"Referring to the same subject, our Supreme Court, in Barnett v. Barnett, supra, approves the rule as it is above declared in Ruling Case Law. It is there said:

"`A grant is to be interpreted in the same manner as any other contract (section 1066), so as to give effect to the intention of the parties, if that intention can be ascertained (section 1636); and for the purpose of ascertaining that intention "the whole of the contract is to be taken together, so as to give effect to every part, if reasonably practicable, each clause helping to interpret the other." (Section 1641.) The intention, it is sometimes said, is to be gathered from the four corners of the instrument, and in case of a grant the habendum, as well as any other portion of the instrument, is to be considered. The ordinary use of the habendum is to define or limit the quality of interest, or the estate which the grantee is to have in the property granted, and, although usually made a separate portion of the instrument, is not necessarily so, but may be wholly omitted, and the interest or estate granted may be defined or limited in the premises or granting part of the conveyance. ( Montgomery v. Sturdivant, 41 Cal. 290.) The rule that if the habendum is repugnant to the premises it is to be disregarded, is only another form of the rule that "if several parts of a grant are absolutely irreconcilable the former part prevails." (Civ. Code, sec. 1070) The intention of the parties to the grant is to be gathered from the instrument itself, and determined by a proper construction of the language used therein, but for the purpose of ascertaining this intention the entire instrument, the habendum as well as the premises, are to be considered, and, if it appear from such consideration that the grantor intended by the habendum clause to restrict or limit or enlarge the estate named in the granting clause the habendum will prevail over the granting clause. ( Faivre v. Daley, 93 Cal. 670 [29 P. 256]; Pelissier v. Corker, 103 Cal. 516 [37 P. 465].) "It is in such case to be considered as an addendum or proviso to the conveyancing clause which by a well-settled rule of construction must control the conveyancing clause or premises, even to the extent of destroying the effect of the same." ( Bodine v. Arthur, 91 Ky. 53 [34 Am. St. Rep. 162, 14 S.W. 904].)'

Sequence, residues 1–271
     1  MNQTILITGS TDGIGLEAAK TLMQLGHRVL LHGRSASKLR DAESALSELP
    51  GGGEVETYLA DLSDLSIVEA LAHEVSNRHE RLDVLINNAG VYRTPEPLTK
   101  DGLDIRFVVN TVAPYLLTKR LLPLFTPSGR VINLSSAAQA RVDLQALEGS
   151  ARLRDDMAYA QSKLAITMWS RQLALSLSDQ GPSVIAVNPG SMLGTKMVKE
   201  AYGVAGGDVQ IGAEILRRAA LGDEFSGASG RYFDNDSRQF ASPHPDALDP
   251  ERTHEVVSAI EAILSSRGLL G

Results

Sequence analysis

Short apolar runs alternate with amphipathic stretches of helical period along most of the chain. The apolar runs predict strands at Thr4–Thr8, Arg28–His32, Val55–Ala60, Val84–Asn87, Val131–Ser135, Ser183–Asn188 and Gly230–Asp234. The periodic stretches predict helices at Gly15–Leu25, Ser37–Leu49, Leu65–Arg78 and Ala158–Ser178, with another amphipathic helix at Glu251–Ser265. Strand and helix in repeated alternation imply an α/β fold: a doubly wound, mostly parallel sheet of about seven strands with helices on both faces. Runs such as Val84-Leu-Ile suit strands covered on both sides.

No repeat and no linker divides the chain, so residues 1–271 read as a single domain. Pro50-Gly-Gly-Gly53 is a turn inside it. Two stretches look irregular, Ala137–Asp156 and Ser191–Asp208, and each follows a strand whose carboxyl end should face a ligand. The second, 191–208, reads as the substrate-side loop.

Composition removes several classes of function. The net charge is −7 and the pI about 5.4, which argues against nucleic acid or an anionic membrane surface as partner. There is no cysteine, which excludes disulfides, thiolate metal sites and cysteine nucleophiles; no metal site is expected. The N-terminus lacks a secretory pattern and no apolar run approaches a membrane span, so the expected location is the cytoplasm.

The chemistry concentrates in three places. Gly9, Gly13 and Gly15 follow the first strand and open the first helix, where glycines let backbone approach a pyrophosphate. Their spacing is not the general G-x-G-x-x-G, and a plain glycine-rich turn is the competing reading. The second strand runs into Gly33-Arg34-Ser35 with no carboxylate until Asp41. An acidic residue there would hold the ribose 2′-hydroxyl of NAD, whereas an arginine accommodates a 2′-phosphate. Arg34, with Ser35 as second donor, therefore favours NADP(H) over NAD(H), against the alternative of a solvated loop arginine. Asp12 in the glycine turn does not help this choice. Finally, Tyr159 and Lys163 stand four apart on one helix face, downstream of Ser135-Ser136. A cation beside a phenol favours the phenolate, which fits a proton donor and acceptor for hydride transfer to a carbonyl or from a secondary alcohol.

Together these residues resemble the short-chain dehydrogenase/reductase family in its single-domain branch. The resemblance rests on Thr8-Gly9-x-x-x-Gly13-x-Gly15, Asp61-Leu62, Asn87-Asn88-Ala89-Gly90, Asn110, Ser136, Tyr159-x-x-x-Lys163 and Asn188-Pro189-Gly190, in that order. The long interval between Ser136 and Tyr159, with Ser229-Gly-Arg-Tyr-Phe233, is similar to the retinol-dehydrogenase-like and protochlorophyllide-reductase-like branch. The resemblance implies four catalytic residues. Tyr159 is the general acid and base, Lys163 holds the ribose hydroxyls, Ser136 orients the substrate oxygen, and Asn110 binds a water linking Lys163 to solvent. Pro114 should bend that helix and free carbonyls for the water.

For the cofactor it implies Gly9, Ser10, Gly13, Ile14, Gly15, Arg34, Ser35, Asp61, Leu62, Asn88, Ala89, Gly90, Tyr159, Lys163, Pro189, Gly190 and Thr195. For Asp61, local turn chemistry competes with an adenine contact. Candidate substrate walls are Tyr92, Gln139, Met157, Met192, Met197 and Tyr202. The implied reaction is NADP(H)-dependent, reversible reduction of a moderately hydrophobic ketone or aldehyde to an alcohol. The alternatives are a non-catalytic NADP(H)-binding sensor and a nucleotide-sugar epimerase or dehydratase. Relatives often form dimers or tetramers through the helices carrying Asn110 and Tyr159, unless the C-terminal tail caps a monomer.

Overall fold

[3] "It will not be questioned that Teresa Doyle Murphy intended to convey the fee in the premises to the plaintiff as a remainder over after the determination of a life estate therein to herself and her husband `and the survivor of them.' The language of the habendum clause of the deed so plainly and unequivocally confirms this proposition as to remove it beyond the realms of disputation. This conclusion is not only clearly warranted by the language itself of said clause of the deed, but is reinforced by the uncontradicted testimony of the defendant. Thus it was shown (and this particular part of the defendant's testimony did not fall within the scope of the motion to strike and the order striking out certain of the testimony given by him) that the premises in controversy were acquired jointly by him and his wife some ten years after the date of their intermarriage, and that the couple jointly held continuous actual possession thereof and together resided thereon down to the date of the death of the wife on April 1, 1919. Under these circumstances, it was only natural that the wife, having, long after they acquired the property, obtained a decree under the McEnerney Act, adjudging her the sole owner in fee of the property, should not only desire but intend to provide for her life companion, to be enjoyed during the remaining years of his rapidly waning life, at least such an interest in the premises as would assure him an abiding place at the `old homestead' and, peradventure, vouchsafe to him, in his old age, protection against want of the common necessaries of life. There is, however, no serious claim here that the deceased wife of the defendant did not intend and attempt to carve out of the fee in the property a life interest therein for the benefit of herself and husband `and the survivor of them.' The point urged here by the plaintiffs is, as stated, that Mrs. Murphy utterly failed legally in whatever attempt she might have made to provide for a life estate in her husband, to be enjoyed by him after her death, if she predeceased him. In other words, we may pardonably repeat, the contention of the plaintiffs is that the defendant being a stranger to the title to the property, his wife, the sole owner of the fee therein, could not legally create in him a life interest or estate in the premises, and that, therefore, the instant she died the life estate reserved in the property to herself terminated and simultaneously therewith the right of the plaintiffs to the enjoyment of the estate passing to them, under the terms of the grant, inured to them. Obviously, in so far as the habendum clause of the deed applied to the wife of the deceased, there was a reservation of a life estate out of the fee. Undoubtedly, as before stated, Mrs. Murphy intended and undertook to create a life estate in her husband (the defendant).